1. Home

Discuss in my forum

Ask Amy: Cat Play in Water

How To Stop Cat Water Bowl Games


Question: How can I stop my cat spilling the water?

Brittany writes about five-month-old Harley, and two-year-old Ripley. “Harley splashes in her water frequently. She knocks over bowls or splashes out the water. This water is shared by our other cat, Ripley. We come home and find it empty. We originally had a plastic water dish that would automatically dispense from a large quantity. When the problem started, we removed this dish and tried several other bowls, some shallow, some deep, different colors, materials etc. We have now purchased a fountain, but she continues to splash. This is a serious issue as our other cat does not have enough water since Harley spills it all over the place. We need a solution to the behavior problem, not a recommendation to put the bowl in a dish to allow for spilling.”

Amy's Answer

Behavior specialists and veterinarians examine the cat’s physical and emotional health, as well as traits of instinct to help figure out problem behaviors and find solutions. Think of this as the H.I.S.S. Test, which stands for health, instinct, stress, and symptom solvers. 


Cats can increase thirst and water intake with several health conditions. Diabetes, kidney failure and thyroid issues can make them thirsty. But a young kitten rarely would have such conditions.


Kittens play with objects a great deal. The instinct to manipulate with paws is a natural impulse.


Stress sometimes prompts strange behaviors. Obsessive/compulsive disorders can become worse with stress. But again, kittens rarely would be affected.

S=Symptom Solvers

Brittany, I’m sorry you’re frustrated by the kitten’s water-play. Unfortunately, I don’t have a magic wand—most such things actually are managed rather than “solved” so you may not be happy with my answer.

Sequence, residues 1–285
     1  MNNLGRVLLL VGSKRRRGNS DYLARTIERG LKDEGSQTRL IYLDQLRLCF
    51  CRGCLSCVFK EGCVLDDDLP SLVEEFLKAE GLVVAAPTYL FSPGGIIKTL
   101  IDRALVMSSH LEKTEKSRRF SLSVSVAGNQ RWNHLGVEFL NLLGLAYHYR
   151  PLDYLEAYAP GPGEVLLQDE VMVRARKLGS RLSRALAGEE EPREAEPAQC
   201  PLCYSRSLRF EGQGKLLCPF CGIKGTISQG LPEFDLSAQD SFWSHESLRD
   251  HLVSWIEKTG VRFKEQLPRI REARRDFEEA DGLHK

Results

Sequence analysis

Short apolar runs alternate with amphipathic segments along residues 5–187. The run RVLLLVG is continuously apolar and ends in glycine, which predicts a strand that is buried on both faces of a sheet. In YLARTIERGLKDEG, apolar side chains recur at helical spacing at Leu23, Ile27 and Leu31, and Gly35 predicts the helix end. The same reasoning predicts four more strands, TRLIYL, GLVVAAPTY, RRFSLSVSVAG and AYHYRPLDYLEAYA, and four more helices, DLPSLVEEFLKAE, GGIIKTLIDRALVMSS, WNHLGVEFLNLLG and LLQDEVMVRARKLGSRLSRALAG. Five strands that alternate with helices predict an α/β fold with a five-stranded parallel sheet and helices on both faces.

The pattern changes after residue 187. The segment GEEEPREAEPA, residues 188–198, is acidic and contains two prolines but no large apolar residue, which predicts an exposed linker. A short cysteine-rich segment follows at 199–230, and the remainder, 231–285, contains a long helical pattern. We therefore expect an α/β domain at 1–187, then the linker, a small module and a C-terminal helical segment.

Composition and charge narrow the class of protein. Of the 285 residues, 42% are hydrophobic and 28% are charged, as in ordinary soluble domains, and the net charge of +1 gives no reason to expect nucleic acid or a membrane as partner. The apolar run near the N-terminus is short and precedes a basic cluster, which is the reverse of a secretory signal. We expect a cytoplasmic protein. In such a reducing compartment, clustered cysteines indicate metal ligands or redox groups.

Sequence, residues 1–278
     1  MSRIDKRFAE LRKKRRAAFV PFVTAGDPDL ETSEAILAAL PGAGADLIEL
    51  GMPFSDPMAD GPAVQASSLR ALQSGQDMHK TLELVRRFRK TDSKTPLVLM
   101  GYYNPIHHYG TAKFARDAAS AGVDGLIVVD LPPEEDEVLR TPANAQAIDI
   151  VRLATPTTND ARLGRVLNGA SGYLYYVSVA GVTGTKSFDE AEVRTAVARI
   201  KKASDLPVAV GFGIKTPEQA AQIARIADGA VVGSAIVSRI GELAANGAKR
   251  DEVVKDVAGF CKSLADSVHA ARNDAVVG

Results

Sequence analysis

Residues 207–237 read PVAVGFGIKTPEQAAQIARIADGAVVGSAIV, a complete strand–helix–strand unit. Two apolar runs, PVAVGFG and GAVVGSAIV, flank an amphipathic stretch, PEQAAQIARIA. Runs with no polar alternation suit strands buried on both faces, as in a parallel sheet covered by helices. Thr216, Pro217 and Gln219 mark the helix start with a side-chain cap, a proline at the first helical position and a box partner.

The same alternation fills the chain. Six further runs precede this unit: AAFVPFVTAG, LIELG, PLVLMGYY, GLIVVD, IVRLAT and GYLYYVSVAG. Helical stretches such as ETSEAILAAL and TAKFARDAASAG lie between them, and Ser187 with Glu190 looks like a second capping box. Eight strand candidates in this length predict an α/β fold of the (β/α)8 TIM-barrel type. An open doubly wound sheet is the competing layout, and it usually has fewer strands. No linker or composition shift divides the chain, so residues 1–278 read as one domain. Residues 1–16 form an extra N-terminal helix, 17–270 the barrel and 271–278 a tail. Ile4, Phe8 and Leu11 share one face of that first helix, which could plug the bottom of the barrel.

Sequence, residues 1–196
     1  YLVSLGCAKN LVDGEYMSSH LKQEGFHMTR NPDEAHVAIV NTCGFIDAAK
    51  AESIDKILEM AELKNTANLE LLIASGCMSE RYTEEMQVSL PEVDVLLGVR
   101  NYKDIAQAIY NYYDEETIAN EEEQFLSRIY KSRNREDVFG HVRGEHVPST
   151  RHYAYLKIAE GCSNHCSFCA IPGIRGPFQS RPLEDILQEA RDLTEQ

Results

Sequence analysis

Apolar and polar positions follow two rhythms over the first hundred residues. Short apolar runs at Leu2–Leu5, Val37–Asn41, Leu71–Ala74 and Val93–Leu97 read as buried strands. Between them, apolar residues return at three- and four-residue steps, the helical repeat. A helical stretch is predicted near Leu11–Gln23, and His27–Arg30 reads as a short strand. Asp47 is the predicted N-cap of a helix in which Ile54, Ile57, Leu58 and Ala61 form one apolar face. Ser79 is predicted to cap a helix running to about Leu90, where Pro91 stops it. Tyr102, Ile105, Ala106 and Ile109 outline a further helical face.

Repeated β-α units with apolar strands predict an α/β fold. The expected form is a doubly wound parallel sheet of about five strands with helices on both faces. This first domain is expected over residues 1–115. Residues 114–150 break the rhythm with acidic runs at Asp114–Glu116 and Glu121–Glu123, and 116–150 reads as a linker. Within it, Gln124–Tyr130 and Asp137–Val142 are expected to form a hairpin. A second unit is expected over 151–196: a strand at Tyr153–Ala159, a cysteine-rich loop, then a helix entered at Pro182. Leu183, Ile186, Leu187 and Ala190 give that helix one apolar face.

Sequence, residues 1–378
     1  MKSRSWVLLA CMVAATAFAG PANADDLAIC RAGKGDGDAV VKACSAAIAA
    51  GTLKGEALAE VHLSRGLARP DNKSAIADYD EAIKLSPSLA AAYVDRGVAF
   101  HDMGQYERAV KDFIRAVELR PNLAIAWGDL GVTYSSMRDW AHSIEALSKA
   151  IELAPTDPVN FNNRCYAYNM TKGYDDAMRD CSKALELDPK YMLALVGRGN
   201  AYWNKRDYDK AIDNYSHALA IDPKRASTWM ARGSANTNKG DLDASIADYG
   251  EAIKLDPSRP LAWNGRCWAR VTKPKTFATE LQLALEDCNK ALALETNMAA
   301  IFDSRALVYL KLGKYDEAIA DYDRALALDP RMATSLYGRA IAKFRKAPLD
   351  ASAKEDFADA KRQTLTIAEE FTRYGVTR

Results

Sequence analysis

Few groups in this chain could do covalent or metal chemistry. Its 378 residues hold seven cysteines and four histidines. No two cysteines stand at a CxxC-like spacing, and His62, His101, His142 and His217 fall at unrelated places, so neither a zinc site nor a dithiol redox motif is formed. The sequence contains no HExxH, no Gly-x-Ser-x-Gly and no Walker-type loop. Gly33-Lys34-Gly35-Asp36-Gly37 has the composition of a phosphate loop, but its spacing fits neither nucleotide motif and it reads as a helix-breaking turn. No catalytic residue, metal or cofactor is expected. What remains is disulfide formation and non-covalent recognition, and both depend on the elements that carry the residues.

From what you describe, Harley is indulging in normal kitten play. I wrote about a similar water-loving kitty in a previous Ask Amy column. Harley may outgrow the behavior, or it could continue the rest of her life. Kitten object play is most active up through the five-month-age and starts to decline thereafter.

But rather than trying to stop the behavior, it's most effective to redirect it to a legal outlet. Your note about “allow for spilling” actually is close to the mark, because if Harley has a way to get the water play out of her system she’ll be more likely to leave Ripley’s water bowls alone.

Do you have a shower or bathtub? Place bowls filled with water inside, and show them to Harley and encourage the kitten to indulge. Reward with praise and treats. Make it an “okay” game instead of forbidden. Like kids, a forbidden pastime has much greater appeal than those that are encouraged.

Meanwhile, investigate water bottles (used for guinea pigs or other small pets) from pet product stores. Many cats can be taught to drink from these non-spill-able water sources. To get the kitties attracted to the water bottle and help them learn to drink from it, flavor the water with tuna juice. Good luck!

  1. About.com
  2. Home
  3. Cats
  4. Behavior-Training
  5. Amy Shojai
  6. Ask Amy
  7. Ask Amy: Cat Play in Water - How to Stop Cat Water Bowl Games

©2014 About.com. All rights reserved.